Snowed In

Snowed In

by Jenna Bayley-Burke
Snowed In

Snowed In

by Jenna Bayley-Burke



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He's her ex-fiance's ex-best man. She's the one that got away. And now they're Snowed In for the weekend.

Marissa Clarke was going to murder someone. And that someone was her former sorority sister—now former friend—who had just kicked her out of her own hotel room…in the middle of the night…at their friend's wedding…for some hanky-panky with an old fling. So much for sisterhood. With no room in the inn and no place to stay, she's forced to accept help from the last person she ever wanted to spend the night with again: Scott, devilishly handsome, smart, and her ex-fiance's ex-best man.

Scott Parker has loved Marissa since the first day he bumped into her freshman year of college. Only he'd never been able to tell her. After all, you didn't just grab your best friend's girlfriend, kiss her and tell her she was the One for you, no matter how often he'd dreamed about it. Now, years later, Marissa is single and, in a moment of pure luck, staying at his cabin. When a winter storm blocks the roads and snows the two of them in, Scott is determined to make Marissa see there can be more between them than a shared history...if only she'll let him.

Product Details

ISBN-13: 9781250120069
Publisher: St. Martin's Publishing Group
Publication date: 12/06/2016
Series: More than Friends
Sold by: Macmillan
Format: eBook
Pages: 150
Sales rank: 492,551
File size: 1 MB

About the Author

By day, Jenna Bayley-Burke is faster than a speeding toddler, stronger than a stubborn husband, able to leap tall Lego structures in a single bound...but by night, while the family sleeps she writes romance novels where no one ever has to scoop up after the dog, change diapers, clip coupons, drive carpool, do laundry, mop floors, get silly putty out of hair, vacuum, empty the vacuum bag (gross!), exercise, count calories, apply bandaids, clean up puke...wait where was this going? Oh, Jenna writes romance because it is glamorous. Just ask the dog.
By day, Jenna Bayley-Burke is faster than a speeding toddler, stronger than a stubborn husband, able to leap tall Lego structures in a single bound...but by night, while the family sleeps, she writes romance novels where no one ever has to scoop up after the dog, change diapers, clip coupons, drive carpool, do laundry, mop floors, get Silly Putty out of hair, vacuum, empty the vacuum bag (gross!), exercise, count calories, apply Band-Aids, clean up puke...wait where was this going? Oh, Jenna writes romance because it is glamorous.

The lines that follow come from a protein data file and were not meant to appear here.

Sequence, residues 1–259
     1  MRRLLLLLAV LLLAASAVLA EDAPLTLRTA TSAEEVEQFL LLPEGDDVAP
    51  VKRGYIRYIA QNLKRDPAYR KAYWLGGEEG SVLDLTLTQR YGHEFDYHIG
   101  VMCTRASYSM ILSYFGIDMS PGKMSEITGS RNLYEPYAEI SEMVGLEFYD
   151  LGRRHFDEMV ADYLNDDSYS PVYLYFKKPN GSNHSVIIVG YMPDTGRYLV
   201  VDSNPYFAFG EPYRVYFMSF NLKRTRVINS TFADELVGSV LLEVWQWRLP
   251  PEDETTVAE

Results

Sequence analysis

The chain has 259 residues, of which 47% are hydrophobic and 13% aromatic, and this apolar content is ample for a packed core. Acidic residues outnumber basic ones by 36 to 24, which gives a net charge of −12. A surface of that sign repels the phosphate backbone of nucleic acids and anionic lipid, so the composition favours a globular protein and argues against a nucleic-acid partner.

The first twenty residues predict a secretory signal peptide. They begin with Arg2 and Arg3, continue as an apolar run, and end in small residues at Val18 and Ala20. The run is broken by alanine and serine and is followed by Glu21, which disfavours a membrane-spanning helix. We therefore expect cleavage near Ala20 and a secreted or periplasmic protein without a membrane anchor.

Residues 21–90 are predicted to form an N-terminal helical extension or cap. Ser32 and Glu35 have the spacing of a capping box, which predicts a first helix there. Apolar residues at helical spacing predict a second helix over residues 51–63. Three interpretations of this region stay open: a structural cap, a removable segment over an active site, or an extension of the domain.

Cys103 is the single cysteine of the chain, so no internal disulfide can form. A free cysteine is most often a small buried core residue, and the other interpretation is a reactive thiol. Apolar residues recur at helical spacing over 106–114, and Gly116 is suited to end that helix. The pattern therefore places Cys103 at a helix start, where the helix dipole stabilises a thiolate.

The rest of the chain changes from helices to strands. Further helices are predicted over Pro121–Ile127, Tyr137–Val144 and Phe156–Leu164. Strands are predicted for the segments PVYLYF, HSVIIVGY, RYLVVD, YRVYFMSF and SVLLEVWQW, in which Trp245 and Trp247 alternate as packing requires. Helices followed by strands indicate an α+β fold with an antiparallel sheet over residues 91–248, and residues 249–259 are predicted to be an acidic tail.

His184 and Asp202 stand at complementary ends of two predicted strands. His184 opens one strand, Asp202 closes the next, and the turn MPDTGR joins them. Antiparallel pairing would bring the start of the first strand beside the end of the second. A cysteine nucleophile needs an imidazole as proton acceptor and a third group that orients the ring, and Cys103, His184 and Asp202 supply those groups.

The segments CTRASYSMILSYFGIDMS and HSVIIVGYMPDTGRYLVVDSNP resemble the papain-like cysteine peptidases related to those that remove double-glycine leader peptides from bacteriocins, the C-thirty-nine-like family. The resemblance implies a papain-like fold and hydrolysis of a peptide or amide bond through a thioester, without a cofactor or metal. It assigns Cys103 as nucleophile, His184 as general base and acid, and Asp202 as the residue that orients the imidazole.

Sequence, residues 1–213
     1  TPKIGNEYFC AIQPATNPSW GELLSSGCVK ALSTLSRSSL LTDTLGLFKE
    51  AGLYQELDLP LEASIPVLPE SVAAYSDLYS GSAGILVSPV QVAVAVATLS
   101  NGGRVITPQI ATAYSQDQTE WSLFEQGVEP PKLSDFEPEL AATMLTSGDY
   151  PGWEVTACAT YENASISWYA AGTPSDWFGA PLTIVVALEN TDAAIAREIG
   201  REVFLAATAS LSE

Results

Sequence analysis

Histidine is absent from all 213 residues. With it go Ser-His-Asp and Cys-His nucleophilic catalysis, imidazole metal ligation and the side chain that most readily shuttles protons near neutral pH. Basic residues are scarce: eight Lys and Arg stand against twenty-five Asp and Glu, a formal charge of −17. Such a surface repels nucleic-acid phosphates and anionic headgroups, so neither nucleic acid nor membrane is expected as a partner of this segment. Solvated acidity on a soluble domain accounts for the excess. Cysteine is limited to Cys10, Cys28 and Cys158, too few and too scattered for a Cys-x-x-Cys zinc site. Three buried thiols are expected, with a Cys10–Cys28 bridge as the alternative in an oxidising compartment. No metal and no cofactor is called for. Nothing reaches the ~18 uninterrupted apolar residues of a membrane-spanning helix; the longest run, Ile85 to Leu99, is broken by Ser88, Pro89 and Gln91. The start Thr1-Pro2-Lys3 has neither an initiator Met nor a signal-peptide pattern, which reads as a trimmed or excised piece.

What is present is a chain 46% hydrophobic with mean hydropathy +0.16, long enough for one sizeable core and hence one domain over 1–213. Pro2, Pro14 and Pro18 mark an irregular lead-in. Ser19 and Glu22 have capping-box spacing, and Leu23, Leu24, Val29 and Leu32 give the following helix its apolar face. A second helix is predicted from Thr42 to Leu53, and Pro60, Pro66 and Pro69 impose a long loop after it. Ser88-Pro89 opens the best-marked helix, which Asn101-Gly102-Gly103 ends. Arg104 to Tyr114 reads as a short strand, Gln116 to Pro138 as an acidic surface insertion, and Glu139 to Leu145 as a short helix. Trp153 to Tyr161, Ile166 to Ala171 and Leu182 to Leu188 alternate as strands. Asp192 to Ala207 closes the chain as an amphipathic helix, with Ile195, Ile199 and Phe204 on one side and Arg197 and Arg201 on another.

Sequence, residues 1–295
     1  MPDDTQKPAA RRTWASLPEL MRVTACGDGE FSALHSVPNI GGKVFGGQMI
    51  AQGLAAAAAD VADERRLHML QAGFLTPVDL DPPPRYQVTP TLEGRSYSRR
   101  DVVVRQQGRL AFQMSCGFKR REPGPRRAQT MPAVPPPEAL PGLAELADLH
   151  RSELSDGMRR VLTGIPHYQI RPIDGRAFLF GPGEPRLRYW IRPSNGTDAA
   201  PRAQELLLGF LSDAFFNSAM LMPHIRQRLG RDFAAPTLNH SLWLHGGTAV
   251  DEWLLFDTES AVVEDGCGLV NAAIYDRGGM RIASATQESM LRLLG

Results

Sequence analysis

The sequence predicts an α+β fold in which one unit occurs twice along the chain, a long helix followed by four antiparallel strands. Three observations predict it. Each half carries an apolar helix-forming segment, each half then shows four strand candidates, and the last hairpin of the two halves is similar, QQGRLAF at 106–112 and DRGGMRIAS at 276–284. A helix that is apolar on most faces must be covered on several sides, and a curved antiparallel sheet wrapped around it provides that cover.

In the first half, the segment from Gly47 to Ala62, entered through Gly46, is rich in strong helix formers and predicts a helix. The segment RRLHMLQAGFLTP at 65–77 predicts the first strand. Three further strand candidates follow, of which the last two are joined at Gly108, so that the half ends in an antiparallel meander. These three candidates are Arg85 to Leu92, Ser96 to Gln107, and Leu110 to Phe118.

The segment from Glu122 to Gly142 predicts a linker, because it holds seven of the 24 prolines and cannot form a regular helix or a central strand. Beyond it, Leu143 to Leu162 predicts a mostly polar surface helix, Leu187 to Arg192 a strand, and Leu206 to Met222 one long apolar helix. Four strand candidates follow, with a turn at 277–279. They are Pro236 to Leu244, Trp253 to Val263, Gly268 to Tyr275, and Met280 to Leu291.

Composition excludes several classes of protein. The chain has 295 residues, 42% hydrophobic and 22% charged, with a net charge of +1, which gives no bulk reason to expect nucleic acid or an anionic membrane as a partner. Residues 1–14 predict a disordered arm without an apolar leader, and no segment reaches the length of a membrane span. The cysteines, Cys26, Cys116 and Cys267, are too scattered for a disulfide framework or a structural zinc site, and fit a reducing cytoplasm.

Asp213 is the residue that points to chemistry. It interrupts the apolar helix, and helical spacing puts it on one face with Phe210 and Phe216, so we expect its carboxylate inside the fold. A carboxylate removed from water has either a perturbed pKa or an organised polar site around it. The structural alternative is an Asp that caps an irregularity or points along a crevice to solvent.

Read an Excerpt

Snowed In

By Jenna Bayley-Burke

St. Martin's Press

Copyright © 2016 Jenna Bayley-Burke
All rights reserved.
ISBN: 978-1-250-12006-9


Five minutes. Marissa Clarke knew she couldn't have stepped away from the reception hall any longer than that. She scanned the room, which was draped in so much white and bright pink tulle it should be illegal. The number of wedding guests shuffling around the dance floor had dwindled to less than twenty, making it impossible not to notice her roommate had disappeared. All night she'd purposely kept an eye on Christa, who'd drunk too much champagne and had an old college boyfriend hanging on her.

She'd been dutiful for the last two days, ensuring last night's rehearsal dinner and today's wedding ran smoothly, if not perfectly. Maid of honor was a full-time job. So of course her one trip to the bathroom in hours resulted in a missing Christa and the not-so-suspicious absence of her former flame as well.

God, she hated weddings. She hadn't been to a single one since her own had imploded in the most mortifying way possible. Tanya was the only person she'd brave this for. Especially since so many of the guests tonight were their college friends who had witnessed her own catastrophe. The entire weekend she'd been sharply aware of how many of them whispered about her, still wondered what she had done to be so spectacularly jilted.

Marissa sank into a chair at a nearby table and rested her chin on her hands. She was so emotionally exhausted from feeling scrutinized by everyone that she wanted nothing more than to go to her room, close the door, and let it all go. But she knew exactly what she'd fine if she went upstairs now. The world's rudest roommate and her dolt of an ex getting it on, in her room. She couldn't decide whether to go break it up or let it play out. But then, if she let them have at it she'd have to sleep in a room — and a bed — that smelled like sex. She shuddered at the thought.

She should have said no when Christa begged to room with her. After all, she'd booked a single room at the swish central Oregon resort on purpose. But she'd agreed out of kindness, the way she always did. "No" was in her vocabulary, but it didn't get used very often. Especially when it came to her friends.